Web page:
Can Lefty get it right on final day?
MY PAPER readers will know this morning if Phil Mickelson managed to fulfil his dream of becoming the oldest winner of the British Open in the modern era.
This, despite describing his third-round performance on Saturday as "terrible", "awful" and "jumpy".
The 46-year-old American, nicknamed Lefty, started the day at the top of the leaderboard with a one-stroke advantage over playing partner Henrik Stenson.
But he ended it one behind the Swede after returning a one-under 70 for an 11-under aggregate of 202.
"The game of golf, it just comes and goes," Mickelson told reporters after another windswept day on the rugged links of Royal Troon.
"I was off today, I didn't have my best stuff. I was a little bit jumpy and my rhythm wasn't very good."
Mickelson, aiming to become the oldest Open champion since Tom Morris senior won at 46 in 1867, illustrated what he meant by offering a wayward two-iron off the tee at the 12th that finished just short of a gorse bush.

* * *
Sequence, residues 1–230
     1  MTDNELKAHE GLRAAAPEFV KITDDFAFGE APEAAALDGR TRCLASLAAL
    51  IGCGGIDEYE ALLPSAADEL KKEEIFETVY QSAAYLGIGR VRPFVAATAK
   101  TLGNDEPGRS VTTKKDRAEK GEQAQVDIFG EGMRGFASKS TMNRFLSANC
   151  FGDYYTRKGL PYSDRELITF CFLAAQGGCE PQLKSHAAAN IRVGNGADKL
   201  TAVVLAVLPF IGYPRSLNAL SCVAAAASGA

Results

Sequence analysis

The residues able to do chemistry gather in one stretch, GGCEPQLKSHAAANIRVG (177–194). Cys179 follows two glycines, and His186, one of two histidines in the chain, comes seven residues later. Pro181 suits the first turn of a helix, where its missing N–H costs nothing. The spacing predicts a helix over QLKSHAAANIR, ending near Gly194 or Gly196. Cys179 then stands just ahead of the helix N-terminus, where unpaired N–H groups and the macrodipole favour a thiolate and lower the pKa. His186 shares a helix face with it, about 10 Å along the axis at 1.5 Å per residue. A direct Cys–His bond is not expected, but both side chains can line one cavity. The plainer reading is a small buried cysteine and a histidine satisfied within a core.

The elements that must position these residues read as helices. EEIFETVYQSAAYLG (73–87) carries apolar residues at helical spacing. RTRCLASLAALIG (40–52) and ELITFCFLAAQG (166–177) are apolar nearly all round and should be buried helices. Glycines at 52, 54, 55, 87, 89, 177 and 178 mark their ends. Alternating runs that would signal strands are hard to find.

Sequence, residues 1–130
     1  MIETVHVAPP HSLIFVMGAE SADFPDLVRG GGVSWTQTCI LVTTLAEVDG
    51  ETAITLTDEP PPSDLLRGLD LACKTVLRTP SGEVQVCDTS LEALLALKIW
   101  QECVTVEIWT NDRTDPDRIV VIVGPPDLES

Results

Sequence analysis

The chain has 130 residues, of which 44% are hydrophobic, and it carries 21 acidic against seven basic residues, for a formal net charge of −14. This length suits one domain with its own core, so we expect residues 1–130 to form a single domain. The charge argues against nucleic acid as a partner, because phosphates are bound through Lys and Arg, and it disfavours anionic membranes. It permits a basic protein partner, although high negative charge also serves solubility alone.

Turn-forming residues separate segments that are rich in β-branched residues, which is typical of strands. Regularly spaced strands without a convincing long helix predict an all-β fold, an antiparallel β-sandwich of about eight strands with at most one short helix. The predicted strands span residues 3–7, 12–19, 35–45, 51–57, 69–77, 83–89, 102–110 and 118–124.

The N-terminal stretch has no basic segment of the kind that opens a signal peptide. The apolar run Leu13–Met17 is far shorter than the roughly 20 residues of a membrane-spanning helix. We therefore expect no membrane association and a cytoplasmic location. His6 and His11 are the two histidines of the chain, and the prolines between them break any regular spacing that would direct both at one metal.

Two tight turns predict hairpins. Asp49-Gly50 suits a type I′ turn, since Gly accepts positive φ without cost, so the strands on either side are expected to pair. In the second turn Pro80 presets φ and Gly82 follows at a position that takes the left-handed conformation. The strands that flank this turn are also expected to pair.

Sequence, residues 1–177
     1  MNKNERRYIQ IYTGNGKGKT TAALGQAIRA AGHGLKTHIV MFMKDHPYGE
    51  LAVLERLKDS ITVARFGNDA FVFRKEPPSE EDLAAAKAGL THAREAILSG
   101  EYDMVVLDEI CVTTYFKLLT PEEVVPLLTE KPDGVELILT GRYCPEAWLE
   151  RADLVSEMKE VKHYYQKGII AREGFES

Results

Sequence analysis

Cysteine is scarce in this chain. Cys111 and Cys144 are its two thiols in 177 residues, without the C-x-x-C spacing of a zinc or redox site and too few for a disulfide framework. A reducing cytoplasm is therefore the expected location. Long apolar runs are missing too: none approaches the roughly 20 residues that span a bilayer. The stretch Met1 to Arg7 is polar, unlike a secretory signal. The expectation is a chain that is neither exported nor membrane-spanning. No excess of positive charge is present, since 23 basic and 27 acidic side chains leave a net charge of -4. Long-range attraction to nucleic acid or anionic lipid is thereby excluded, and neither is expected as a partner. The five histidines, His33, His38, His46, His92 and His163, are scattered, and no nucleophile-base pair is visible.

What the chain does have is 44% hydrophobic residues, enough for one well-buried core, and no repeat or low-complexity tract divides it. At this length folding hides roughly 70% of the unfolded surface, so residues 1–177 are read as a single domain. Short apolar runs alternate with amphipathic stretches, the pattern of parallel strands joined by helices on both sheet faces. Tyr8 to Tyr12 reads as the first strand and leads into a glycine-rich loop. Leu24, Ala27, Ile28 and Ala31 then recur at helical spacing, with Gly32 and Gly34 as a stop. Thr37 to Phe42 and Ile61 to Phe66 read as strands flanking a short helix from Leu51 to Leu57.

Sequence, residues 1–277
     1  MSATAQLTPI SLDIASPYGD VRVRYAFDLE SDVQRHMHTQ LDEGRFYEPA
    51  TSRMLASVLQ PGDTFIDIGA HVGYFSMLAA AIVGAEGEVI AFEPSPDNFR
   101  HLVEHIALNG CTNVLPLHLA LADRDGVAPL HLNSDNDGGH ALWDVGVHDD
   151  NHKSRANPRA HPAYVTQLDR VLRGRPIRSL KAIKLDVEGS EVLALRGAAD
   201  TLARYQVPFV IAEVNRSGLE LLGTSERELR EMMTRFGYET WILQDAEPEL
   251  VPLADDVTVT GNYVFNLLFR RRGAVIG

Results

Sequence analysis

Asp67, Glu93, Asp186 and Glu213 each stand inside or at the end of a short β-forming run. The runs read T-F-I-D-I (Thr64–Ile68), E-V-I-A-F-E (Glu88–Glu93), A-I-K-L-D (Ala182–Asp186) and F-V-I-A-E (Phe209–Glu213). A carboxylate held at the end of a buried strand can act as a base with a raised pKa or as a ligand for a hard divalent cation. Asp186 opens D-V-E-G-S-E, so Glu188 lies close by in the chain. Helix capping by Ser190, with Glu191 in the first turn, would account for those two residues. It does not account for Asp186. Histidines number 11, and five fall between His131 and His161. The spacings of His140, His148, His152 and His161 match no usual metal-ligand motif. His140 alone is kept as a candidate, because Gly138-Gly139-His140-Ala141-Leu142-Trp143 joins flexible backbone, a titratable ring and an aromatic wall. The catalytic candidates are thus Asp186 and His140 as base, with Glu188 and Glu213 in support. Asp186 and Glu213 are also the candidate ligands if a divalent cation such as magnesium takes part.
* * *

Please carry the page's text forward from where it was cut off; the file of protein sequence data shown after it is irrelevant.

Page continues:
"I got lucky the ball didn't go in the gorse," he said.
"I got out of rhythm and it was tough to get back but I found a way to make a few good shots on the back nine to shoot even-par on a very difficult nine holes of golf."
Mickelson and Stenson's duel on Saturday had millions of television viewers enthralled as the leadership changed hands throughout.
The constant to-ing and fro-ing evoked memories of that special day at the 1977 Turnberry Open when Tom Watson edged out Jack Nicklaus in the so-called "Duel in the Sun".